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Monkeying Around with Others’ History

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If you want to read something truly laughable, you should read “The History Files”, an amusing set of descriptions of various tribes in Europe.

Based on a review of this pseudo-history site, an inescapable conclusion is that a pair of retarded monkeys with a history fetish could have put together a more accurate and honest description of Europe’s past.

The reader should be already alerted by the fact that for a history of Poland, the only thing that is cited is a work by one M. Ross of Durham (!) from 1835:  A History of Poland from its Foundation

The thing is put out by a one man shop out of Taunton in the UK.

Here are some pearls from the site:

“Poland occupies a large area of Central  Europe bordering the southern Baltic Sea. Its history is a long one, covering several Bronze Age and Iron Age cultures, the latter of which saw the settlement of Belgic groups [!] who became collectively known as the Venedi, settling along the east bank of the Vistula.”

Did you know that the Venedi were “Belgic”? (The source for this is unclear but I assume that it must be Strabo who thought the Veneti of Vannes to be a Belgic tribe and, perhaps, the Adriatic Veneti but 1) that should make you think about who the Belgae really were and 2) Strabo said nothing at all about the Vistula Veneti).  There are tons of “Venetic” names throughout Europe – all you have to do is look at Ptolemy.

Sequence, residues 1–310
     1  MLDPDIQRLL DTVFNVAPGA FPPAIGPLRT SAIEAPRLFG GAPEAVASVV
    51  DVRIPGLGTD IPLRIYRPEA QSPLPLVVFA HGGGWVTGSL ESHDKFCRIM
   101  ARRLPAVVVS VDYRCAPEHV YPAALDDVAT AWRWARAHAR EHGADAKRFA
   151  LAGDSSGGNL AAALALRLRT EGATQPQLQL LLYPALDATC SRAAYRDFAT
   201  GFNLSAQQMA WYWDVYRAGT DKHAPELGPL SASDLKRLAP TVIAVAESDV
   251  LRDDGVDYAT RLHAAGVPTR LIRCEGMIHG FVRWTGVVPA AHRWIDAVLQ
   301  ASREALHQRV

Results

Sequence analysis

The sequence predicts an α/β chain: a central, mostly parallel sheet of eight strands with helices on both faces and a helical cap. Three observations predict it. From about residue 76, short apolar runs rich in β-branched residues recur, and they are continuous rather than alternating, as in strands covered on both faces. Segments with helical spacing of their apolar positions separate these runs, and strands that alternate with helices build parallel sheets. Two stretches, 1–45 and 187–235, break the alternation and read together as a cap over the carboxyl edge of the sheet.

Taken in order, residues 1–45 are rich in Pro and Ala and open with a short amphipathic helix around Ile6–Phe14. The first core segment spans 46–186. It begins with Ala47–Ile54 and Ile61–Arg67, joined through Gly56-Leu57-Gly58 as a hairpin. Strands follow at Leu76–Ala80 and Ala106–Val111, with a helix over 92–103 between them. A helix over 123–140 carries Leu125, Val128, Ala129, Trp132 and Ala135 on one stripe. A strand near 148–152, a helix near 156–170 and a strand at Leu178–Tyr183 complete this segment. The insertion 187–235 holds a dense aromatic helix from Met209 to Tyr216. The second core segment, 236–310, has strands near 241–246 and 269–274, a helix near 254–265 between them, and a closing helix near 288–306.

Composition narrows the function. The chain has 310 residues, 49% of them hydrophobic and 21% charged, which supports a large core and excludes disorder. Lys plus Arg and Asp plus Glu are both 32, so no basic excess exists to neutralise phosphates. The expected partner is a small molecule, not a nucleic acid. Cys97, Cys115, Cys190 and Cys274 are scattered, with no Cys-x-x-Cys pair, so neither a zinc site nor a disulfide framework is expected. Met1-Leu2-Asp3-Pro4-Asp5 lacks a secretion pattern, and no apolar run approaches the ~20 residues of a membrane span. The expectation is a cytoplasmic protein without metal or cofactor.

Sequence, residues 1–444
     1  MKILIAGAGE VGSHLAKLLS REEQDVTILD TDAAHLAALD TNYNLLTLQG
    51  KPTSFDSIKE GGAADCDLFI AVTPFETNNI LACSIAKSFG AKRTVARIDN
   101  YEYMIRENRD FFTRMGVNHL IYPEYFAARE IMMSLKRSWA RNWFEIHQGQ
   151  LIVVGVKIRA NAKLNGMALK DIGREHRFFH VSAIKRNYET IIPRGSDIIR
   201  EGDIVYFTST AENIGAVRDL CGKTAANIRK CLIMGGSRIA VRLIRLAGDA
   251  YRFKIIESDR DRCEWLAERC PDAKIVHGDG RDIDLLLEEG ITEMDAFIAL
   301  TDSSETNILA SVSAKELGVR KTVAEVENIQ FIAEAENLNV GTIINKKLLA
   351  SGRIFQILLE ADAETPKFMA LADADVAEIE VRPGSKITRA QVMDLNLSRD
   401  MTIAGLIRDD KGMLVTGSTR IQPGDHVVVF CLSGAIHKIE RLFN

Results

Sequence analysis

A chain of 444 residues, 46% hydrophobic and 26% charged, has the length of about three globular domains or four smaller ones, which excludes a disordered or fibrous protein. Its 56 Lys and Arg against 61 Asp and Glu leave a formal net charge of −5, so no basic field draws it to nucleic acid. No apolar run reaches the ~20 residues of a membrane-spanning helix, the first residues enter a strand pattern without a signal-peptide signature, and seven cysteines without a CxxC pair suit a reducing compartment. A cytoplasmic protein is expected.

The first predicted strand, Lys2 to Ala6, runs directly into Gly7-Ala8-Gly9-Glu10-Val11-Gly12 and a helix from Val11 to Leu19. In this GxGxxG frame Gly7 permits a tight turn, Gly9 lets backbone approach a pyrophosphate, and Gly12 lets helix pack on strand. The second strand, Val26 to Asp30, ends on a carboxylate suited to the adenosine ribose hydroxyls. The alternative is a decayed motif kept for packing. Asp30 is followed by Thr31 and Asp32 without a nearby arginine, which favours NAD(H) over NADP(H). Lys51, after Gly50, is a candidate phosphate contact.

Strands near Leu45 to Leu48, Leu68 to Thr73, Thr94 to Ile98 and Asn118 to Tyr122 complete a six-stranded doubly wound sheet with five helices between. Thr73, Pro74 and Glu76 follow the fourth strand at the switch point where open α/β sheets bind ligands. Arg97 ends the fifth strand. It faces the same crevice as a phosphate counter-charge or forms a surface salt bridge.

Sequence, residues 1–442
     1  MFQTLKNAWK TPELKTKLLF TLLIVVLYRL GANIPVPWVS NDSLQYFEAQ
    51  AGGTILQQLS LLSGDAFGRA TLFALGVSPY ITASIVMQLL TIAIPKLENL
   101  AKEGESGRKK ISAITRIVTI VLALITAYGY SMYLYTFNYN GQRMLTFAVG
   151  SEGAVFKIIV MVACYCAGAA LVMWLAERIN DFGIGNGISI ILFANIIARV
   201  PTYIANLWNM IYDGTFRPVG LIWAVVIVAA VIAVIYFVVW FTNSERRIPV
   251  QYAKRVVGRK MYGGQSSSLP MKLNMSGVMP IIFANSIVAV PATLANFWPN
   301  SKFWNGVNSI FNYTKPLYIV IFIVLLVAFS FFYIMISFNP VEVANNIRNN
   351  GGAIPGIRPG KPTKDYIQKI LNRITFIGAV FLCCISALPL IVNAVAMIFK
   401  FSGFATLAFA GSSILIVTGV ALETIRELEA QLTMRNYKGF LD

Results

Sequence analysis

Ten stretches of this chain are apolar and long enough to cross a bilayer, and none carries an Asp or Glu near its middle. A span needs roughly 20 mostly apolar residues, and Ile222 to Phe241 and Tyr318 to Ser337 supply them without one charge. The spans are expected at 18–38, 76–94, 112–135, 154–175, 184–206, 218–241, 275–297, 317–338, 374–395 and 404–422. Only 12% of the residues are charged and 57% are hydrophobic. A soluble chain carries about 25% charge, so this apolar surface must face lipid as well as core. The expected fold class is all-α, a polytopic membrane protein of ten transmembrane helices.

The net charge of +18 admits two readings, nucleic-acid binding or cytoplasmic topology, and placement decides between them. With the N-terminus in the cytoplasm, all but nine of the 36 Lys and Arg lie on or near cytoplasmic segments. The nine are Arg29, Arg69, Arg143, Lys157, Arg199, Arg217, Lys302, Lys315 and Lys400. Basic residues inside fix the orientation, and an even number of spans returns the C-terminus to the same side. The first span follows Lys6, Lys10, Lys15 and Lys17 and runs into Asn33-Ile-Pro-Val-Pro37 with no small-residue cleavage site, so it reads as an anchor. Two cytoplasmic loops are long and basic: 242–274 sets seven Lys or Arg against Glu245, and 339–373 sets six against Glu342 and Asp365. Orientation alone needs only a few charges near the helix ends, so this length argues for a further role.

Or this:

“the last two centuries BC Germanic settlement from Scandinavia formed minor (tribal) states on the southern Baltic coast and west bank of the Vistula. Of these, the Buri and Lugii occupied areas of southern Poland,”

Did you know that the Buri and Lugi were Germanic?  No? No problem, now you do.

But the most amusing thing is this:

“The Late Bronze Age Lusatian culture … covered all of modern Poland with extensions into modern Czechia [!] and Slovakia, north-western Ukraine, and areas of central eastern Germany and eastern Pomerania… the Lusatian evolved directly into the subsequent Pomeranian culture. The ethnic composition of the Lusatian people is questionable, but they would have pre-dated the arrival of Germanics into the region.”

Here is a hint:

  • The Lusatians were the Veneti

So what happened?

  • Pre-Lusatian > Lusatian = Venetic = Suevic > Slavs